blood vessels and nerves enter and exit the bone through? the periosteum
the opening of the periosteum where blood vessels and nerves enter and exit is called foramina
the term given to the development and formation of bones is called ossification
ossification occurs separately by 2 distinct process called intermembranous and endochondral ossifications
describe intermembranous ossification bones that develop from fibrous membranes in the embryo produce the flat bones(skull,clavicle,sternum)-before birth these bones are not joined its until after birth the flat bones grow and it joins and forms sutures
describe endochondrial develops from hyline cartilage in the embryo and produce short, irregular and long bones - this ossification occurs from 2 distinct centers of development called primary and secondary centers of ossification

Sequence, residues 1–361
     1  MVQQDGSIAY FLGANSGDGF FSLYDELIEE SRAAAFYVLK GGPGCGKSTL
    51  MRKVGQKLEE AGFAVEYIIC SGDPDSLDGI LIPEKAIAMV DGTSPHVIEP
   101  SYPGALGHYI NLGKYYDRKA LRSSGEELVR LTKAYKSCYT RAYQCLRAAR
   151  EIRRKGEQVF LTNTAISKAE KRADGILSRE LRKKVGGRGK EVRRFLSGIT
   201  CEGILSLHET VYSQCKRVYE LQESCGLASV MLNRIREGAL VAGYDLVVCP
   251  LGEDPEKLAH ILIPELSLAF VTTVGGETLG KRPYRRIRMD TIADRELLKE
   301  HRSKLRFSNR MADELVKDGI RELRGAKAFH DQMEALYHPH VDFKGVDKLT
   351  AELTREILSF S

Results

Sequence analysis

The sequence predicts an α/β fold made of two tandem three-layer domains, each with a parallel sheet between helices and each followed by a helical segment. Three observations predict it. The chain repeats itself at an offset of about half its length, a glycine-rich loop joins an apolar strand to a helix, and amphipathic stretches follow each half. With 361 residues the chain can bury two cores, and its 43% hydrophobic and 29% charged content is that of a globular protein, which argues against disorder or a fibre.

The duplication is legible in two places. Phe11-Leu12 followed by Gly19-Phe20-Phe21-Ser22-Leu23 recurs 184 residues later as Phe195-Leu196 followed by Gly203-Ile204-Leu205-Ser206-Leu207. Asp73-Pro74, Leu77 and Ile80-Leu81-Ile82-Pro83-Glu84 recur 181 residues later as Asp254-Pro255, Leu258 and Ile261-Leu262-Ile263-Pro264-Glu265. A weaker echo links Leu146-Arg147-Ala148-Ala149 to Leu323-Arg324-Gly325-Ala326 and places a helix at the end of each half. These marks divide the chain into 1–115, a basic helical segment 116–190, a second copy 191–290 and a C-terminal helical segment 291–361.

describe primary ossification begins before birth and forms the entire bulk of the short and irregular bones-this process forms the long central shaft in the long bones
during the development of the primary center of ossification, the long shaft bone is called diaphysis
describe secondary ossification occurs after birth when a separate bone begins to develop at both ends of each long bone.
in the secondary ossification, each end bone that is developed is called epiphysis
in the secondary ossification the diaphysis and epiphysis are distinctly separated, however during growth a plate of cartilage develops called epiphyseal plate
as full ossification occurs the epiphyseal completely joins, only a moderately visible what appears on the bone epiphyseal line
what are five classifications of bones long, short, flat, irregular and sesamoid
describe long bones are only found in limbs, consist of primarily of a long cylindric shaft called the body and two enlarged rounded ends that contain a smooth slippery articular surface(femur,metacarpals/tarsals)-primary function is to provide support